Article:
The Transalpina or DN67C located in the Parang Mountains group in the Southern Carpathians of Romania is another road of the Carpathian Mountains, which connects Novaci, south of Parang Mountains to Sebes in the north. The story has it that it was built in ancient times when the Romans wanted to have another access into Transylvania. Another story says that the road was built by the German army during the Great War. For sure, the road was inaugurated in 1938 by the Romanian king Carol II, hence its second name: the Road of the King. It was repaired by the Germans in the Second World War and then forgotten by the communists. In 2007 it started the works to transform this spectacular road into a modern highway (148 km), allowing a rapid transit between Oltenia and Transylvania. In 2009 it was completely paved. It was totally opened to traffic in 2012. The highest point of the Transalpina Road reaches the elevation of 2,145m above sea level. Given the high altitude, the Transalpina road is closed during the cold months of the year. Works began in 2007 in order to transform this spectacular mountain road into a modern highway (148 km), allowing a rapid transit between Oltenia and Transylvania. The weather on this zone is harsh and highly unpredictable and it does not take much time for the bright sun shine to change over to moderate to heavy snow fall.

Bucegi Mountains

The border between the eastern and southern Carpathians is formed by the Predeal Pass, south of Braşov and the Prahova Valley. Making its way through the “heart” of Romania, the Carpathian Mountains have remained one of the last places that have not been adulterated yet in Europe. Along with the Danube and the Black Sea, the Bucegi Mountains represent the specific geographic element for the territorial uniqueness of the Romanian state. Prahova Valley (Romanian: Valea Prahovei) is the valley where the Prahova river makes its way between the Bucegi and the Baiu Mountains, in the Carpathian Mountains. It is a tourist region, situated about 100 km north of the capital city of Bucharest.

The incredible mountain landscapes of Bucegi Mountains, but also the amazing beauty of a land whose time seems to be endless (the shepherds lead their sheep, the horses harnessed to the wagons run slowly and the medieval settlements keep their traditions and customs) turn the Romanian Carpathians into a spectacular open museum, having a special status in the touristic circuit of the country because of the extremely impressive landscapes, glacial valleys, limestone areas, unique and peculiar shapes of the rocks. Here on the beautiful slopes of the high Bucegi Mountains in the Carpathians, shepherds still make a living as cheese makers, producing Brânzá de Burduf, the most valuable and highly appreciated among Romanian cheeses, retaining the the same milk processing technology and same type of wooden vessel used for generations. Bucegi Mountains offer a lot of opportunities to make a memorable trip. The highest Bucegi Mountains crest presents panoramic views, meadows with wild flowers and numerous narrow paths and touristic attractions. The cross commemorating the Romanian heroes of the First World War, placed on Caraiman Peak in Bucegi Mountains of the Southern Carpathians, was labeled as the tallest summit cross in the world by the Guinness World Record. Nearby, the Prahova Valley stands as a wonderful touristic objective, incorporating well-known resorts, such as Sinaia, Busteni, Predeal and Poiana Brasov.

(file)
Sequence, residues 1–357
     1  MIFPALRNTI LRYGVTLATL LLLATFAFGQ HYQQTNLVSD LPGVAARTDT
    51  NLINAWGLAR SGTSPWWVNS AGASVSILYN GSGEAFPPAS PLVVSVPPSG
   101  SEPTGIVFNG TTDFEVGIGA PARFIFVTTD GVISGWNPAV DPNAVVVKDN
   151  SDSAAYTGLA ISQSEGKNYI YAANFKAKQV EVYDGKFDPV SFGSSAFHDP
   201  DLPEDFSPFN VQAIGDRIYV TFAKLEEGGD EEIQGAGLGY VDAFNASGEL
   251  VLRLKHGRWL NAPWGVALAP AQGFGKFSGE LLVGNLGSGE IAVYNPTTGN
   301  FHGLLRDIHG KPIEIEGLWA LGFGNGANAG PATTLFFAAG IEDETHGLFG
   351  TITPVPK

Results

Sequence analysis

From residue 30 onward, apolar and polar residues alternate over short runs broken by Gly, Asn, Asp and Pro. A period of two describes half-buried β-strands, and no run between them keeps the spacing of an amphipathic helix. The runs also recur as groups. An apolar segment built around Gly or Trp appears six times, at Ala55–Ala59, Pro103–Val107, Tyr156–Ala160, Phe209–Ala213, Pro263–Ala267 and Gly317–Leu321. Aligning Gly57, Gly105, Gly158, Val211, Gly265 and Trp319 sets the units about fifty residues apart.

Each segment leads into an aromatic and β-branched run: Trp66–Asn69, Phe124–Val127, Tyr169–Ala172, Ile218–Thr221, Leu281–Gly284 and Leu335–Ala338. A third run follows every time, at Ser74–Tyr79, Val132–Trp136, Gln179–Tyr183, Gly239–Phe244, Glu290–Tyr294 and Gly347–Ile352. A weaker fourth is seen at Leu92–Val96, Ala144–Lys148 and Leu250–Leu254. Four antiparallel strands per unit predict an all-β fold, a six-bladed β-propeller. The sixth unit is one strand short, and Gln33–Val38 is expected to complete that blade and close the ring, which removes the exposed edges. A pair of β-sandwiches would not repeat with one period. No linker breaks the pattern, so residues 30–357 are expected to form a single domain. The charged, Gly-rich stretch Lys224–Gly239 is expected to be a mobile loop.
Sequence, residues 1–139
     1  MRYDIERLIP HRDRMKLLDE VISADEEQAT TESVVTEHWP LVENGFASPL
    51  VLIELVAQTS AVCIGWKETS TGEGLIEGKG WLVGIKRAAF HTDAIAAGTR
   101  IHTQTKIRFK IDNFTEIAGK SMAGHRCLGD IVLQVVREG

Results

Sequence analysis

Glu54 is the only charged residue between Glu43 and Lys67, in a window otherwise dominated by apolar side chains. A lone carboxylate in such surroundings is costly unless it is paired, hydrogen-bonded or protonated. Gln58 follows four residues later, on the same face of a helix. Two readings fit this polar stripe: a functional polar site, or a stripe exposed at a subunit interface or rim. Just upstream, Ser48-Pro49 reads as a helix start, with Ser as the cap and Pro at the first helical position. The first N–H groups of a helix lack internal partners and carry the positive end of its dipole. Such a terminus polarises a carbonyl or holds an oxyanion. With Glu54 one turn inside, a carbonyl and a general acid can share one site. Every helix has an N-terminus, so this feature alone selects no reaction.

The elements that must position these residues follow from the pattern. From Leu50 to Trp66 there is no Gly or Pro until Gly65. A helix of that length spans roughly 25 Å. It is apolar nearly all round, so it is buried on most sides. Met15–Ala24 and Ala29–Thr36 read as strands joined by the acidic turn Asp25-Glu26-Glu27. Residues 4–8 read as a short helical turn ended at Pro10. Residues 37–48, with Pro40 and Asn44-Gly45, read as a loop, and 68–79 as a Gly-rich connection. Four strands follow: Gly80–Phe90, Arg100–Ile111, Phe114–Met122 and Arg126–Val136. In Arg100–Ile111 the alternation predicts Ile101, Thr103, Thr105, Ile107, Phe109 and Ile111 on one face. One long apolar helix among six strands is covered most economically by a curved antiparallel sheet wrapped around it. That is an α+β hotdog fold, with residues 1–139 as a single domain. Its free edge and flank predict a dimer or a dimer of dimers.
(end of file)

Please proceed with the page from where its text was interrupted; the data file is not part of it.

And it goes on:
The Eastern side of the Carpathians, called “The Oriental Carpathians”, are remarkable for the multitude of natural passes, such as Brotocea, Prislop, Bicau, Gutai, Oituz, passes that make the traffic possible on each side of the Carpathian chain. Red Lake and the Bicaz Canyon – Cheile Bicazului are unique and beautiful places in Romania. The Bicaz Canyon is part of the National Park “Bicaz Canyon”, which includes actually the following protected areas: The Red Lake, The Bicaz Canyon and The Hasmasu Mare Mountain. The entry gate to the Cetatile Ponorului – Fortress of Ponor has 74 m height.

Another branch of the Carpathians are situated at the boundary between the Danube Pass and the Somes Valley. The Romanian Western Carpathians are unique through the diversity of the karst phenomena where caves as Bears Cave, Scarisoara Cave and Vantului Cave represent true natural monuments. In the Northern part of the Bihor Mountains, there are the Cetatile Ponorului – Fortress of Ponor, the most astonishing karst regions of Romania, being declared a natural reservation in 1952.

The Transylvania Mountains – Montes Serrorum form the central part of the Western Carpathians in Romania and extend southwest to the Danube River. The western part of the Southern Carpathians – that is, the Banat Mountains and the mountains of eastern Serbia (which, at the Iron Gate, are split apart by the gap valley of the Danube) – do not exceed an altitude of 800 meters. The carstic feature of the Transylvanian Mountains provides majority of attractions of the region. Several tourists visit these limestone, as the spring lets where there are so many passes as nowhere else in Romania. It is said that there are 7000 caves in the depths of the Transylvania mountains. It is a fact that the longest, deepest cave of the country is to be found here, as well as the biggest underneath ice and the largest carstic area. More than 100 year old marked paths await visitors. In 2004 the Nature Reserve of the Western Carpathians on 75784 hectares was created. From a touristic point of view this region has three main points: Pádis-Glavoj, Stana de Vale and Vigyazo, but the blazes are confusing. We should pay attention though : we are going into the mountains, where the rules of mountains are to be followed! Rain and cold comes unexpectedly. So let us take warm clothes and raincoat, not umbrellas! Nights are very cold too!